Senior Scholar Award in Aging
Olivia M. Pereira-Smith, Ph.D.
University of Texas Health Science Center - San Antonio

The Role of the MORF/MRG Family of Novel Transcription Factors in In Vitro and In Vivo Aging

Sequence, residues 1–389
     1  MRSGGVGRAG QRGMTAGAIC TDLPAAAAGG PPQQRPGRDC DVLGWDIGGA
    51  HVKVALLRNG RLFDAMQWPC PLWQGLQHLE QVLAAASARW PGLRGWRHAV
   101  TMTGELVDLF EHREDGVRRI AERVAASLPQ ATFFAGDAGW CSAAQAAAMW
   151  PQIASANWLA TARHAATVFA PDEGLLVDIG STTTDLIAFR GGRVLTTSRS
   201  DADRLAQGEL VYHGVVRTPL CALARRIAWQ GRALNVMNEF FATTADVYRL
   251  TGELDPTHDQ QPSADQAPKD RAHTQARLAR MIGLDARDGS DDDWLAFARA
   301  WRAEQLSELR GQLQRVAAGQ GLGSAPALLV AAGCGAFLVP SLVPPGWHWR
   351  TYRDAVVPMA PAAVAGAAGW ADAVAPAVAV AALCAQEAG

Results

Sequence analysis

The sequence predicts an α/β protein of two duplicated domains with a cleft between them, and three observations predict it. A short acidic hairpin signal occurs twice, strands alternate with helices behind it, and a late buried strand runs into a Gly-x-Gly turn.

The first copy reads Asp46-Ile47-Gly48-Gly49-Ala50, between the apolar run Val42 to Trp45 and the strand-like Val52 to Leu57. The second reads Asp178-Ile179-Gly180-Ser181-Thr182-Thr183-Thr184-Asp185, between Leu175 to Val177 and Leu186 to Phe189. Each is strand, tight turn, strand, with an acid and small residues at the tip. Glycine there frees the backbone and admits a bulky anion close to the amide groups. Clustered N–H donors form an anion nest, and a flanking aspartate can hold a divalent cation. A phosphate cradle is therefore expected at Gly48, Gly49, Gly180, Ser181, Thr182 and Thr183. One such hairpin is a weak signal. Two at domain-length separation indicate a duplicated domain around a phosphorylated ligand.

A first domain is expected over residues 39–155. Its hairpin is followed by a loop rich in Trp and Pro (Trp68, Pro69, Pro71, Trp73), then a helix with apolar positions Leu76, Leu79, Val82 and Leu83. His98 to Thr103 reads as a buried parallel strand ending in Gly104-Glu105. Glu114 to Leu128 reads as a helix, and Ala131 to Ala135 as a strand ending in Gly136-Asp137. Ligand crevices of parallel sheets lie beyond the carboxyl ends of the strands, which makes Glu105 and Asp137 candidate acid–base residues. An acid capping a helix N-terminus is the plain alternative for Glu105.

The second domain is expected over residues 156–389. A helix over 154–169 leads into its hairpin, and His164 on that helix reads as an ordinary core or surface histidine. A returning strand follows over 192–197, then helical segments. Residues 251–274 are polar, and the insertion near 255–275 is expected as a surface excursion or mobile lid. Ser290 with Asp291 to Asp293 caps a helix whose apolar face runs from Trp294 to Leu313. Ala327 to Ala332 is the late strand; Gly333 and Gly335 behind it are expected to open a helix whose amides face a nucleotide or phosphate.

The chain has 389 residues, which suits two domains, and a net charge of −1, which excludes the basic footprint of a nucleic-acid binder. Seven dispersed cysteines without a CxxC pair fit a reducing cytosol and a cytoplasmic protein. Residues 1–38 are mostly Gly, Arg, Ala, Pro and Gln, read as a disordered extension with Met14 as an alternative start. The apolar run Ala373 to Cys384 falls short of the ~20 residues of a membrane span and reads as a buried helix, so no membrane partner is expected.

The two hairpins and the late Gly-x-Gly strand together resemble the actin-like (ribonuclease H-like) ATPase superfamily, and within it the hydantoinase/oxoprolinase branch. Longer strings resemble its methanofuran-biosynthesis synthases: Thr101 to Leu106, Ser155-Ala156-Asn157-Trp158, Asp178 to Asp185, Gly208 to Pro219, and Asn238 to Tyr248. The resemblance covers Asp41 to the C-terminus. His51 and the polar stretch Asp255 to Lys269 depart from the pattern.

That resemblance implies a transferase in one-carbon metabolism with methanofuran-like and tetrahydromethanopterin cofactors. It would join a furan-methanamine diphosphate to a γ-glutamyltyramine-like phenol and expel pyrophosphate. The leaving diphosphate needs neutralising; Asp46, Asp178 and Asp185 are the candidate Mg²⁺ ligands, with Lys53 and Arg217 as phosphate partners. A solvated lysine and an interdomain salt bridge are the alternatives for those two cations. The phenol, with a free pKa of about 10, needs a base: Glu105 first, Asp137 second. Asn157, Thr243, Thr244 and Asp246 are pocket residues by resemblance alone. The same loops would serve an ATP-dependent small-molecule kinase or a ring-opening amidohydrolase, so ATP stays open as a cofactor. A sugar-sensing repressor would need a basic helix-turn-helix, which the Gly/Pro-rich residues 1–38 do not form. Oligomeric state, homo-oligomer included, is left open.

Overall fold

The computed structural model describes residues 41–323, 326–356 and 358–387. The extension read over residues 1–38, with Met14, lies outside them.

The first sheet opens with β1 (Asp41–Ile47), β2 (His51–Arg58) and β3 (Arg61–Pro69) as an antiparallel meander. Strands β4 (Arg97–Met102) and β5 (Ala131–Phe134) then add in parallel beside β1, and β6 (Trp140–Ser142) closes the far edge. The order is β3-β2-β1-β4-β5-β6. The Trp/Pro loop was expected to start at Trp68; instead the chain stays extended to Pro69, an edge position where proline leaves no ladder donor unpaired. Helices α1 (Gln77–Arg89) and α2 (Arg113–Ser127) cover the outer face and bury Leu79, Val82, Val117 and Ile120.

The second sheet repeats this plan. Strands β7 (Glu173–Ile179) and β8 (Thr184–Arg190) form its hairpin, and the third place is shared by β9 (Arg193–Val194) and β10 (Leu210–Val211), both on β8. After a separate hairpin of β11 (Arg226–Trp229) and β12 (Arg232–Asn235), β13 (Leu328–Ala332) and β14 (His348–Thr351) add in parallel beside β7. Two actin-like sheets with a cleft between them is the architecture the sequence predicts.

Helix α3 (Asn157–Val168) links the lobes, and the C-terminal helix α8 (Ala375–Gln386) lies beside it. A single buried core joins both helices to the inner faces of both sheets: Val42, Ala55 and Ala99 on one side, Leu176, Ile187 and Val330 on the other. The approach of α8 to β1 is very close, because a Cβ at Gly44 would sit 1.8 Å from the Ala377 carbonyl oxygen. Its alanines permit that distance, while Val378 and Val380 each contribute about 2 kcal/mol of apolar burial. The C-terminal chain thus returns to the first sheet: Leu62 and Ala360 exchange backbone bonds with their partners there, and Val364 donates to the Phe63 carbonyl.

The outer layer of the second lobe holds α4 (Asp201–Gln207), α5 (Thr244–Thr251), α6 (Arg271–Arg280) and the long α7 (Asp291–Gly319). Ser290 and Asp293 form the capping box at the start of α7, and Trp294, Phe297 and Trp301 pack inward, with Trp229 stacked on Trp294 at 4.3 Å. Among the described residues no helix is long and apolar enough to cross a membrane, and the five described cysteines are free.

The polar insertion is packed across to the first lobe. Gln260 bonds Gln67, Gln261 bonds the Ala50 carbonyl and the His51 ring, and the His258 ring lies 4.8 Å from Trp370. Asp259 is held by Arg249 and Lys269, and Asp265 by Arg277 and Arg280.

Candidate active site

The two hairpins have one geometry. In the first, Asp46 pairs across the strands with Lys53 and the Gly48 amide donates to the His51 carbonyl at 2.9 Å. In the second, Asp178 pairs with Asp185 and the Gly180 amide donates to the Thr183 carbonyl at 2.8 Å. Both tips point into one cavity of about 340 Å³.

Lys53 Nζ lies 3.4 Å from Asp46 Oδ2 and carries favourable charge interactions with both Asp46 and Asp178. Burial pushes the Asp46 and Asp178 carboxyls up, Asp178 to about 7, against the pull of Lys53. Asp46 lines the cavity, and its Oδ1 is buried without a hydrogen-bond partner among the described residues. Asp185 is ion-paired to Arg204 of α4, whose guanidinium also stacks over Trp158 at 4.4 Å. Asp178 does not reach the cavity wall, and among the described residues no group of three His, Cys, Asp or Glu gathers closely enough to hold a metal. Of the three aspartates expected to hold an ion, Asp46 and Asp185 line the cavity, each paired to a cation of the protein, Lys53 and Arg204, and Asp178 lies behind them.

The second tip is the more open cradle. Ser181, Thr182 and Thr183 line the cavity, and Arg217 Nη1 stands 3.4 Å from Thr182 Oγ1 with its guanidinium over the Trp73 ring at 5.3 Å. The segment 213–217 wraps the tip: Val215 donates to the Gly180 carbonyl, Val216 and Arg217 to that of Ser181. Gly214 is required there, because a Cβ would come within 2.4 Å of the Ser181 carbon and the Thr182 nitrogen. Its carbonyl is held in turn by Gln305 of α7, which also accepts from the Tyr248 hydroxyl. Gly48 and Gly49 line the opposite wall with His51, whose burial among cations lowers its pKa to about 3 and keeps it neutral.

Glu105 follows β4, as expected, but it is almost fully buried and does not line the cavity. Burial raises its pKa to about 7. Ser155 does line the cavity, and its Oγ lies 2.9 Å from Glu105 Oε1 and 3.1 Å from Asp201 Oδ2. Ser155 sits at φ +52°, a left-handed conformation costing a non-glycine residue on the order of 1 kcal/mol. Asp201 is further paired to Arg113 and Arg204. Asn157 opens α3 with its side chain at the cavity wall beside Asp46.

Normal cells grown in culture have a limited potential to divide and eventually become terminally non-dividing. This is called cell or replicative senescence and is used as a model to study aging at the cell level. Tumor-derived cells, in contrast, divide constantly without control. We have found that tumor cells grow as they do because they have disrupted the genes involved in cell senescence and that they can be made to stop dividing by re-expression of these genes. We have cloned one of these genes and named it MORF4 (Mortality Factor on Human Chromosome 4). MORF4 is a member of a novel gene family, MRG15 and MRGX (MORF related genes), that functions to control expression of other genes involved in cell growth and cell division. We want to determine the mechanism by which MORF4 causes tumor cells to stop dividing, as this could provide potential therapies for certain tumors. The approach we propose to take is to introduce the gene into two tumor cell lines, one that is affected by MORF4 and one that is not. We will then analyze protein complexes in the nucleus and cytoplasm of the cells to determine any changes that result from over expression of MORF4, particularly in the tumor cells that stop dividing after the introduction of MORF4. We will also analyze wild-type and MRG15 null embryos for differences in gene expression which will allow us to identify the target genes for action by MRG15. This will help in our understanding of the function of MRG15 and in turn the function of MORF4.

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